The best part of a fantastic book club is the conversation about the books. What’s the secret to having great conversations? Sure you need great books (as we talked about last week), but you also may need to make some preparations.
Preparing for Discussion
The meeting’s facilitator needs to be prepared to begin and direct things, such as with background information on the book or author, and with a list of questions to start the conversation. What sort of background information? Start with why the group picked the book – what made it worth reading.
If you’re reading a travel book or one with a strong sense of place, share a map or pictures of the locale. In addition, you may try to read some critics’ reviews of the book to see if they prompt any questions for discussion.
If you’ve had time to plan ahead, one good way to prepare everyone to discuss the book is to ask a pre-reading question: something to consider while they read (a.k.a. “homework”).
Keeping the Conversation Going
As the facilitator, don’t feel compelled to stick to a list of questions you have prepared in advance, if the discussion is flowing in a different direction. Similarly, don’t be so worried about getting through all of your questions that you squelch the discussion. It’s ok if it moves in directions you didn’t expect, but be prepared to circle back to topics that were addressed briefly before the conversation moved away from them, especially if it seemed like some members didn’t have a chance to respond. Also be prepared to redirect the conversation back to the book, if it veers off course into personal chatter.
Ask members to back up their views – if they loved the book, why? If they hated the main character, why? However, try to steer conversations away from absolutes, leaving room for dissenting opinions. Encourage members to expand on others points – this can be an excellent way to get quieter members talking.
If conversation is stalled, play Devil’s Advocate and see if that elicits responses. Another technique that works for most books is to focus on the title and/or opening and closing lines. Even members who were didn’t finish the book can then contribute.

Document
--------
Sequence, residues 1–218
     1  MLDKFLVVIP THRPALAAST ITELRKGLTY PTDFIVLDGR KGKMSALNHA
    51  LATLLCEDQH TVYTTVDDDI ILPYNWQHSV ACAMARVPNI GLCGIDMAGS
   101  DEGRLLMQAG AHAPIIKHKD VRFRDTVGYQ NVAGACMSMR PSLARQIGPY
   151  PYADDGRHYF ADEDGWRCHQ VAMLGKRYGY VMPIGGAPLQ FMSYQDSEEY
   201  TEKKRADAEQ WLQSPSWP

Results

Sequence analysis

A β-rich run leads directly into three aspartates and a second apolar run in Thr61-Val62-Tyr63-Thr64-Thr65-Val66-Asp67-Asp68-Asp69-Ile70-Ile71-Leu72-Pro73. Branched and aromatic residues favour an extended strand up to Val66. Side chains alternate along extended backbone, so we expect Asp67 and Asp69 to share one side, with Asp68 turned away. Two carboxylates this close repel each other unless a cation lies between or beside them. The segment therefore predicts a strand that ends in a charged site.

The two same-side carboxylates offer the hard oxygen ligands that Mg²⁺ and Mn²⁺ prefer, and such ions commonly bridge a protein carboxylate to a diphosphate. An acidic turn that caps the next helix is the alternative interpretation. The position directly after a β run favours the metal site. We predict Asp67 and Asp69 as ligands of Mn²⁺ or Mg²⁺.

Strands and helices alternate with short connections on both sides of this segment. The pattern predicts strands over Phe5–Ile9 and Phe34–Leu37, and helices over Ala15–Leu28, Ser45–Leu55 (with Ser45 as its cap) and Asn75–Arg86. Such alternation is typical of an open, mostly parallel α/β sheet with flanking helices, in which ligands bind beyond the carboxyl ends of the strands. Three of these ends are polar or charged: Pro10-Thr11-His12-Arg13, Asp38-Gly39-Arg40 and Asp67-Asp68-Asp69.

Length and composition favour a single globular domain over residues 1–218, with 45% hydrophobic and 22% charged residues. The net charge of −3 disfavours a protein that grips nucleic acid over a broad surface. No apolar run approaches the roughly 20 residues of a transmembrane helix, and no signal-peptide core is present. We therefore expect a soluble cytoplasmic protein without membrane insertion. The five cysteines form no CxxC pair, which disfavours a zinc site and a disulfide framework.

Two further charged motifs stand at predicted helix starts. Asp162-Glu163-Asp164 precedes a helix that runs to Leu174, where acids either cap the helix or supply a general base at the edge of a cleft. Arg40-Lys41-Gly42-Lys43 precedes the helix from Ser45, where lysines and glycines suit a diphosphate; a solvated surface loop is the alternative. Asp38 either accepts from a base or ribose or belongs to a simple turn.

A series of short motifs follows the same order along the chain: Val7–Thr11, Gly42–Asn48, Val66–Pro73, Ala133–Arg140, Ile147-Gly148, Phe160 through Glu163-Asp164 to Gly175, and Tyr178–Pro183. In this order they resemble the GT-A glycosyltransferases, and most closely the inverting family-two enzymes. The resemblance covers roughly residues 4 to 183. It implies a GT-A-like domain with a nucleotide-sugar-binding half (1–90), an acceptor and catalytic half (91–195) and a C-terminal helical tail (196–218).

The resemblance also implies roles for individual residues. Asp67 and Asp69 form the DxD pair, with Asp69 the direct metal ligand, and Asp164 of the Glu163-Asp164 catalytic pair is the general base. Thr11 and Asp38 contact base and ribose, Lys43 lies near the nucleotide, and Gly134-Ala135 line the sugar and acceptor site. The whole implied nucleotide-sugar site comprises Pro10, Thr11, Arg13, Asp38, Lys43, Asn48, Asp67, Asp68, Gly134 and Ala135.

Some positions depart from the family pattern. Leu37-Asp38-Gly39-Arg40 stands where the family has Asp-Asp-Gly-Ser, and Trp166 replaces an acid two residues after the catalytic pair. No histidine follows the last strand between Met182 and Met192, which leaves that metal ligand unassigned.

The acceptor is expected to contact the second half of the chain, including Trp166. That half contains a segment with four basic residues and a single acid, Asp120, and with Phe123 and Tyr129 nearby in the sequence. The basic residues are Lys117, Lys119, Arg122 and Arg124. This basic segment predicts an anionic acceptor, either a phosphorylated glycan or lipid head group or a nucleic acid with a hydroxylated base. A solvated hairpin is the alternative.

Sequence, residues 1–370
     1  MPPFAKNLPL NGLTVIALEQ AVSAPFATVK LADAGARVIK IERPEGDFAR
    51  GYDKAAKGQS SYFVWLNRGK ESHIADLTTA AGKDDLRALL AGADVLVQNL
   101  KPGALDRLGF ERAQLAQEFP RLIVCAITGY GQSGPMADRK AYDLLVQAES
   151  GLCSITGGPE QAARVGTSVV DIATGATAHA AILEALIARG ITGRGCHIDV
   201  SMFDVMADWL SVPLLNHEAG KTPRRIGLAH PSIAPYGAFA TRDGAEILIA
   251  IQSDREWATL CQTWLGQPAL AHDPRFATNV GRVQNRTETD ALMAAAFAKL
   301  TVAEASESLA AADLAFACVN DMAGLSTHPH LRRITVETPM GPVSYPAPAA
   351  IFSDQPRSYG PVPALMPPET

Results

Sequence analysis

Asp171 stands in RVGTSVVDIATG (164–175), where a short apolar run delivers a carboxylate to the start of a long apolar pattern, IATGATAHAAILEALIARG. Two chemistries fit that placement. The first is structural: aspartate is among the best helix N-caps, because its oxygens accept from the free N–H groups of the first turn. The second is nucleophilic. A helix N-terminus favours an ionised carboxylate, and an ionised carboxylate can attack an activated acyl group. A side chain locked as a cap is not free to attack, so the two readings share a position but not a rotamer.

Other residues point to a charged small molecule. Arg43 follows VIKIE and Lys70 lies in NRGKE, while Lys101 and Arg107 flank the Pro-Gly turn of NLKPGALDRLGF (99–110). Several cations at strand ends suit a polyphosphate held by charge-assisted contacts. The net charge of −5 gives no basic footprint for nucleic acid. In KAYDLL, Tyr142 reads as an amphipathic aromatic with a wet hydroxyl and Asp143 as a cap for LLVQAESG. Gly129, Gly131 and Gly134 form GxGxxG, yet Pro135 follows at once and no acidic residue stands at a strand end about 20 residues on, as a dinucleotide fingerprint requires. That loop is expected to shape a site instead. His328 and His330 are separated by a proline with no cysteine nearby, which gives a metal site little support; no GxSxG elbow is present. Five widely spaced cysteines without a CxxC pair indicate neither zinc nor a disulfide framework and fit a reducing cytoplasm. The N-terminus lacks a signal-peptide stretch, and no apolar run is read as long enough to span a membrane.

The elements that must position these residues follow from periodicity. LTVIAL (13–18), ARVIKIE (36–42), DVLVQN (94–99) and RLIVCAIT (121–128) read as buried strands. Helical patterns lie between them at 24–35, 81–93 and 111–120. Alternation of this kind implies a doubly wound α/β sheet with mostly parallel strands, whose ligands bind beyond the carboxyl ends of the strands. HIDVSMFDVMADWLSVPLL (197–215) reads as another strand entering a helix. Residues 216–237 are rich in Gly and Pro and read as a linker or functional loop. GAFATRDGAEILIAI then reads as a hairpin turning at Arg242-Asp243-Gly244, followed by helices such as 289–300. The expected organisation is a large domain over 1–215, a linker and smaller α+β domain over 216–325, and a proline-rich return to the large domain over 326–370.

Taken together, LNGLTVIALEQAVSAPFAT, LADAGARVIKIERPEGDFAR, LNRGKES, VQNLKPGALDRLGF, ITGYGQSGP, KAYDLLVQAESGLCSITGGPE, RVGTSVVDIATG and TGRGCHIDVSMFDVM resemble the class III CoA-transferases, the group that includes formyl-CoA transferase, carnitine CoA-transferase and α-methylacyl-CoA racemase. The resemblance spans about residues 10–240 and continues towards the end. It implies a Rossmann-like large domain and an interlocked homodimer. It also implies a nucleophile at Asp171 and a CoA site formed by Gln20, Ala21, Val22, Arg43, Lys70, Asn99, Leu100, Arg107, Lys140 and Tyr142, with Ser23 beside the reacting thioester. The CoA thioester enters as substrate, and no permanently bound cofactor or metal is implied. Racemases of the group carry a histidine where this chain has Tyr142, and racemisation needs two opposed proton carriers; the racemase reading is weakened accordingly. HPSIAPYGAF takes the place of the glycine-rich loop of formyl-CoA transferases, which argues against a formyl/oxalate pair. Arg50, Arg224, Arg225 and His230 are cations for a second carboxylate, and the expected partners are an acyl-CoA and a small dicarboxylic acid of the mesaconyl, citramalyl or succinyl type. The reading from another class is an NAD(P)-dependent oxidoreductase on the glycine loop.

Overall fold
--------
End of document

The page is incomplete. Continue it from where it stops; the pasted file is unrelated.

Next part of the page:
Remind members that spoilers are allowed – if people haven’t read (or finished) the book, they should be aware that the ending may/will be discussed, and expect to be have the conclusion spoiled.
While the facilitator needs to be ready to get the meeting started, they also need to be prepared to get out of the way once the discussion gets going. It’s not a lecture on the book by one person, it’s a conversation.
Have a few *short* passages flagged to read aloud to illustrate a point or lead into a question.
Avoid simply asking “did you like the book” or other yes and no questions. You want a discussion, which is helped by open-ended questions.
Don’t be dismissive toward’s others opinions, even if you vehemently disagree with them. Bring the conversation back to the book, and use the book to bolster your points of view.
Socialize before or after, not during the discussion.
Wrapping it Up
It can be fun to talk about other books or movies that connect to the discussion title. Is there another book you should read now? Is there a book you should have read instead? Are there movies adaptations, or connected ones that simply bring the setting to life?
If you read a fiction book, is there a nonfiction title you’d recommend as a complement? Or vice versa?
Think about how to end the discussion – do you want to ask everyone for their own rating on the book? Attempt to cast the book if it were made into a movie? Imagine where the story could go after the book ends?
This is part of the Booked: Reading Together series. Throughout October, I’m writing all about book clubs.
Check out the archives in case you missed a post.
Previously on The Deliberate Reader
Two years ago: 31 Days of More Great Nonfiction: Sounds like Home
Three years ago: 31 Days of Great Nonfiction: The Sharper Your Knife the Less You Cry